[0123] Input/output (I/O) devices depicted as input device 1612 and output device 1614 optionally can be coupled to the data processing system. Examples of input device may include, but are not limited to, for example, a keyboard, a pointing device such as a mouse, or the like. Examples of output device may include, but are not limited to, for example, a monitor or display, speakers, or the like. Input device and/or output device may be coupled to data processing system either directly or through intervening I/O controllers. A network adapter 1616 may also be coupled to data processing system to enable it to become coupled to other systems, computer systems, remote network devices, and/or remote storage devices through intervening private or public networks. The network adapter may comprise a data receiver for receiving data that is transmitted by said systems, devices and/or networks to said data and a data transmitter for transmitting data to said systems, devices and/or networks. Modems, cable modems, and Ethernet cards are examples of different types of network adapter that may be used with data processing system 1600.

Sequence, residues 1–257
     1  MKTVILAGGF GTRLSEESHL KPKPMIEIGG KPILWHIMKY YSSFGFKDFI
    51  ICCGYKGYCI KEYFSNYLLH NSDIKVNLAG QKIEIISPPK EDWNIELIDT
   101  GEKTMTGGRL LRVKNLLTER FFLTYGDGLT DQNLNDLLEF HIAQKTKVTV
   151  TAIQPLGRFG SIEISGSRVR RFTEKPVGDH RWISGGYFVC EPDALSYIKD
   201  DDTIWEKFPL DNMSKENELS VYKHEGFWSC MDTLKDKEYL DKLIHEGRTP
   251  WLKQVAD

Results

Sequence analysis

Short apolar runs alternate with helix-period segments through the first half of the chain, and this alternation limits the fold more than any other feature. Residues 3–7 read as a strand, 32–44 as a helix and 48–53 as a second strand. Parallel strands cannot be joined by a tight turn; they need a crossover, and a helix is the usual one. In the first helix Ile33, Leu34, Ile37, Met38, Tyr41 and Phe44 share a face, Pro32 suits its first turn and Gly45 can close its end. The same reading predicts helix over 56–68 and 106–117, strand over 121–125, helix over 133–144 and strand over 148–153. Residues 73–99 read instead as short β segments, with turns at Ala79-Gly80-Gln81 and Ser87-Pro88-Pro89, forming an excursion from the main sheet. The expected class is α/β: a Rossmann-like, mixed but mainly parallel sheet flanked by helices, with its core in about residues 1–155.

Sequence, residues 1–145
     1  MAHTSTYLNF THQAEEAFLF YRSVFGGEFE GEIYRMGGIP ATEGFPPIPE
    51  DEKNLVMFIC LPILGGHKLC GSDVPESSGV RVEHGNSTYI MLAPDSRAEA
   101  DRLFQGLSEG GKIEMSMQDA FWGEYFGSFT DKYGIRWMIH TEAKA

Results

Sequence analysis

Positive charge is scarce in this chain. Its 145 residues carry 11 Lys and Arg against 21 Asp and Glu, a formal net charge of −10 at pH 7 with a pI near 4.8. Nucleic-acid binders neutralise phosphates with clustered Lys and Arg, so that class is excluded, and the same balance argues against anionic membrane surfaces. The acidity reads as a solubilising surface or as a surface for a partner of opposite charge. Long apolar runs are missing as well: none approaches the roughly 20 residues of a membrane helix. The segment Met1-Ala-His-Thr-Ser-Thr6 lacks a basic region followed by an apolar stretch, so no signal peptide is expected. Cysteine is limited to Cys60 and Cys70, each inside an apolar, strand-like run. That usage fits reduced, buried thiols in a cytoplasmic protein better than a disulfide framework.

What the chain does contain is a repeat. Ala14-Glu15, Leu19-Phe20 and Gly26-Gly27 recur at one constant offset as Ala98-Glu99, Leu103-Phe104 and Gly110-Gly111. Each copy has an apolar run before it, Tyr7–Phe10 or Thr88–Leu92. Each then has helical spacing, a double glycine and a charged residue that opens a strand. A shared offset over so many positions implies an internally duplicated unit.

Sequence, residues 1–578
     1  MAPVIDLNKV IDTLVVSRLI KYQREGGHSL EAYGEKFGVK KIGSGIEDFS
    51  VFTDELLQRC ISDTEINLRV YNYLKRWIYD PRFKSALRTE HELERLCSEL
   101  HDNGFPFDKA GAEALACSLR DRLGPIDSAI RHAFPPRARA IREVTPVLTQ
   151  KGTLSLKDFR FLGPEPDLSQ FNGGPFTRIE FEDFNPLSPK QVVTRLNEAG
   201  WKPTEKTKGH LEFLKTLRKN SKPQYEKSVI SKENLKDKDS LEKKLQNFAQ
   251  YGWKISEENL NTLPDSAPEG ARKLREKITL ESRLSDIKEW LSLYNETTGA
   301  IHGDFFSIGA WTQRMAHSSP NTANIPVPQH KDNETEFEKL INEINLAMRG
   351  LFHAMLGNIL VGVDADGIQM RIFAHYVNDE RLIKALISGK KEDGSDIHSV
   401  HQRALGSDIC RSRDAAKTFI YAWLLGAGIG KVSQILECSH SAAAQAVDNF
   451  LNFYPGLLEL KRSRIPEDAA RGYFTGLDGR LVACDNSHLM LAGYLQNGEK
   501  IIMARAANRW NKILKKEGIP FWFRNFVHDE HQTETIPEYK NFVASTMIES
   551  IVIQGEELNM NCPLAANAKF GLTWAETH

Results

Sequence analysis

[0124] As pictured in Fig. 16, memory elements 1604 may store an application 1618. It should be appreciated that data processing system 1600 may further execute an operating system (not shown) that can facilitate execution of the application. Application, being implemented in the form of executable program code, can be executed by data processing system 1600, e.g., by processor 1602. Responsive to executing application, data processing system may be configured to perform one or more operations to be described herein in further detail.